Miss Gray decided she wanted to lead the entire herd in the pasture.
She’s not really cut out for leader material, and was becoming unpleasantly bossy. Three of them are pregnant, while also in full work, and can’t really afford to risk an injury. Everybody lives out at this ranch, Grand Prix horses or not, and it’s important that the dynamics are right.
Easy enough – she had to move in with another group in a new pasture.
Here’s the first day.
Introductions went very well, as they always do with Valiosa.
Mistie, a retired gray mare checked her out briefly, and decided that, nope, I’m too old for any type of wild stuff.
The three of them, Valiosa, Mistie and Harper, a young compact size Warmblood mare, have been getting along for a week now.
But Mistie seems like she’d rather not have any new extra energetic pasture mates. She keeps coming up for scratches and to have her picture taken.
Fair enough, pretty girl.
These two, already cute together sometimes.
We’re finally getting a break from a streak of days of very high temperatures.
Still, summer isn’t over at all until next month.
Breakfast for the mares, since the pasture, even though it’s many acres, is too burnt out to be enough.
This very small part of the front pasture looks like a desert until winter rain comes.
Long morning shades, love them!
If you pull her away from breakfast, better provide a walking buffet on the way to the barn. Seriously, she can afford to miss more than one meal… 🙂
My horse wrangler with Valiosa. She turns in to a very gentle and meek mare as soon as he shows up.
A few more Short-Read posts for coming up! Thought today was a great day to check in on how things looked for us on an early morning this week. I’d love to see what it looks like on your end.
She looked sheepishly regretful.
Like she’d led a sloppy life and was ready for a change.
One more orderly.
New pasture, with several new friends.
Gray mare’s been in the front pasture for over a week. More friends. She mixed right in and thinks living in a larger group is great.
A little less hilly than the other two pastures she was in for three months. This one is larger, and involves a bit of a hike to get around in. (Big enough to get lost and lonely if you ask her.)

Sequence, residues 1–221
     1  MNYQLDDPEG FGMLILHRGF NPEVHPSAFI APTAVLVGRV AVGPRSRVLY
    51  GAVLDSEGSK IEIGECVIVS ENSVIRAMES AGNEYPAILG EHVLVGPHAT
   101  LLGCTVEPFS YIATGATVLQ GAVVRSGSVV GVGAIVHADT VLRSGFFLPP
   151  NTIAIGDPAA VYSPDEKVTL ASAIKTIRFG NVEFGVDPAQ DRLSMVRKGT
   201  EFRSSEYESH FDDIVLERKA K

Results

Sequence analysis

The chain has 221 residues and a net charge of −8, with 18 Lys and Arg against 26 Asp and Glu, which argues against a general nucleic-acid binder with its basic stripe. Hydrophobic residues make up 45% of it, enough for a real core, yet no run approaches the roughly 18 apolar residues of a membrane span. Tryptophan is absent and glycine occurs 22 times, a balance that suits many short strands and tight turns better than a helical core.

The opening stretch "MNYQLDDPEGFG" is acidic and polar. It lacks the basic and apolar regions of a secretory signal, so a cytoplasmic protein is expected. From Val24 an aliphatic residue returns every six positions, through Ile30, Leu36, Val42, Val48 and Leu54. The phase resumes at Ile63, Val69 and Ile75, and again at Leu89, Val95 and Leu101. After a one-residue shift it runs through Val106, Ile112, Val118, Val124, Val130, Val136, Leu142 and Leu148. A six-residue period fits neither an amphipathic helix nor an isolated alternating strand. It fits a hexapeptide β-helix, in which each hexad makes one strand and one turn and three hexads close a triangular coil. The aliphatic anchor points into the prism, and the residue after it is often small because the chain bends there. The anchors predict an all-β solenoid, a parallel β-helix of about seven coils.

About as lush as it gets in the California foothills. By the end of the month, most of the grass will burn off. If she wasn’t in full work, I’d be worried about way too much grass, but so far she’s staying in great shape.
Don’t want to jinx it, but a few days after she moved out with this group, we’ve only had forward, productive rides. Not sure how long it will last, but now, she’s going well, happy, putting in a real effort at every ride, feeling really great.
– Yes, yes, we go fast, all the time, try leg yield in canter yep yep, no-way-I’ve-never-been-lazy, she says, and works hard so it will be over with and she can go back out to her new exciting group.
OK, well, thanks! Let’s make it stick.
Going back out was never this exciting. You can hear screaming until the very end.
Last week we got lost.
I didn’t mind. Usually you can just find the way, and if not, just turn around and search for the same trail, right?
She did mind. Miss gray mare, walking fast and hard up the hills. They were steep, very boggy in places. Had to work it to keep up with her.
Pasture Pics – the only ones today.
Going downhill she’d chew the bit and froth, grunting the “bolt-coming-up-soon-because-I-hate-bending-and-sitting-and-walking-down-and-besides-I’m-all-alone-out-here” grunt.
Took a while to figure out we were following a deer trail, not the main trail. Getting the cantle of the saddle scraped up by low branches should have been a hint.
Seriously, it was really fun! And she had a blast. Didn’t have a death wish enough to stop and take pictures, but she was cute hoofing it over logs and sliding down a mossy hillside.
Clearly, you’ve figured out I did a little more walking than riding on that trail outing.
Next time, when it has dried out, we’ll keep it more grown up. Staying on on the main trail. Keeping dressage boots mud free and fleece leg boots clean.
Miss V. , staying in great shape during my layoff.
Walking up the steep hill in the new pasture is hard work…
She’s had a lot of handwalking too, around the other hills, to take as much advantage of them as possible. It’s good for the hind and a very low-key way to keep up strength.
And then this Mare love story here.
On the dressage front – pathetically no news to report.
A little bareback walk happened. There was no magic, sorry. No sparkles.
Almost 7 weeks without riding, something had to be done. Well, perhaps this wasn’t it…
Switching pace with a special on Thursday morning! Stop on by then to see what it’s all about! This one is not going to be a hit with everyone.
I try to ride Gandolf on most Monday mornings.
Valiosa gets to saunter around in his pasture for some time then. We’re both loving Mondays, in our own different ways.
She rewards mostly by rubbing the tail root on trees. Hanging up her fly mask from a branch. And pulling off a shoe if it’s muddy. Or, as you can see, tearing off bell boots.
This is why we love them (?).